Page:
Boil Away

"Our boilers had cracked sections twice last year," the facility manager for a school district said. "The consultant says the boilers are too small, they cracked from thermal shock, and we need new boilers. What should we do?"

Analyzing the facility's gas bills allowed me to develop a formula to predict heating load at any outdoor temperature. The formula showed the boilers had 50-percent excess capacity: Two boilers each could carry 3/4 of the load, providing reasonable redundancy. New boilers were not needed for capacity.

That was the easy part. The harder question was why the boiler sections cracked. At the site, I saw that only one of the two boilers had cracked, and the cracks were in sections 5, 6, and 7 of the 18-section boiler. Thermal shock occurs when cold water enters a hot boiler. Water enters a boiler at the back, so thermal shock usually affects the last few sections. With failures occurring in the middle of the boiler, thermal shock was unlikely. On top of that, the way the boilers were piped, flow did not divide evenly between the two boilers. Less "cold" system return water would flow through Boiler 2 than Boiler 1, so Boiler 2 would be less susceptible to thermal shock than Boiler 1. Yet Boiler 2 is the one that cracked. Again, not likely thermal shock.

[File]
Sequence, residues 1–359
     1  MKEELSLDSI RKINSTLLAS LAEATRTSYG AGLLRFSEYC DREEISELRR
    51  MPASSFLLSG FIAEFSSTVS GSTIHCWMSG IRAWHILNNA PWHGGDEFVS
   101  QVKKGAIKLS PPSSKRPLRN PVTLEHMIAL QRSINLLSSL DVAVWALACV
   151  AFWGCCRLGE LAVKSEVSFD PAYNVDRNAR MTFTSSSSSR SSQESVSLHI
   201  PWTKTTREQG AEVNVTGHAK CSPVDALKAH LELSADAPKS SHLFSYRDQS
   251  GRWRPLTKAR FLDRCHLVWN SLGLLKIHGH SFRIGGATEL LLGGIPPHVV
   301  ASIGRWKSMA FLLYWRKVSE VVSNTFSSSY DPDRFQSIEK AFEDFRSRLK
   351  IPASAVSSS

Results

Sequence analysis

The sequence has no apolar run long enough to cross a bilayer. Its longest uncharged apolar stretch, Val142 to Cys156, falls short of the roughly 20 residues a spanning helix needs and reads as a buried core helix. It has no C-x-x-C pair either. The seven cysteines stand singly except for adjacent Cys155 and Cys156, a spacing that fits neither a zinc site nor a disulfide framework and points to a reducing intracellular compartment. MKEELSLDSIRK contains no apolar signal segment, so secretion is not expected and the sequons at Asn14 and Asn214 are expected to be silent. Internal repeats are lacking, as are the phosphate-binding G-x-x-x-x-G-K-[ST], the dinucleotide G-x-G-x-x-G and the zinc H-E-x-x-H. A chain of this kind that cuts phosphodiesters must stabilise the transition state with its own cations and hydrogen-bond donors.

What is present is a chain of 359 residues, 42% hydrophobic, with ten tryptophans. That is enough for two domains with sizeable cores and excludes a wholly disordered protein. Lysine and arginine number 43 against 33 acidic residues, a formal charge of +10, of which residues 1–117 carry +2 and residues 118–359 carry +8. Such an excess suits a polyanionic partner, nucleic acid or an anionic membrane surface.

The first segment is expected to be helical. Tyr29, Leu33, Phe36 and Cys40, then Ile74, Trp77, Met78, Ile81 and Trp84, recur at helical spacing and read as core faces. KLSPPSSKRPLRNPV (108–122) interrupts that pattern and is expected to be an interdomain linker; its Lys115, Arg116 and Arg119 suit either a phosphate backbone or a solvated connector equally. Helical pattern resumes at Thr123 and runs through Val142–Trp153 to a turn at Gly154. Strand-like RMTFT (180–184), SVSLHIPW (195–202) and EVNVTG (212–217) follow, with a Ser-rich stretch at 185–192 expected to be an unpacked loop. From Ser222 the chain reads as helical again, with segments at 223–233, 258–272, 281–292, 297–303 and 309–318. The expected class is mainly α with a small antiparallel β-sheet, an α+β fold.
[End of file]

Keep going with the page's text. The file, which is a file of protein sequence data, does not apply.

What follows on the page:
Then, I saw the boilers had on/off control. Each boiler fired at 5 million Btuh or was off. Five million is a big capacity step. Except on the coldest days, the boilers would bang on and off again and again. So, I had three clues: failures in the middle of the boiler; failure in the boiler with less water flow and, thus, less ability to absorb heat; and frequent cycling at a high firing rate.

Boilers experience cyclic stresses every time a burner starts and stops. Those stresses occur because the boiler structure resists the expansion and contraction that otherwise would occur from temperature change. The higher the firing rate, the greater the stress. Cold return water increases stress because of the greater temperature difference between the fire side of the casting and the inside surface exposed to the water.

Taken together, the clues said thermal fatigue. Fatigue affects materials subjected to cyclic loads. Although classic fatigue failures occur from physical stress, fatigue failures can result from any type of cyclic load, including repeated temperature change.

The solution was easy: Add a low-fire controller to reduce cycling by letting the boiler run at low fire on startup and at light load, jumping up to high fire only at high load.
Kenneth M. Elovitz, PE, Esq.
Energy Economics Inc.
Foxboro, Mass

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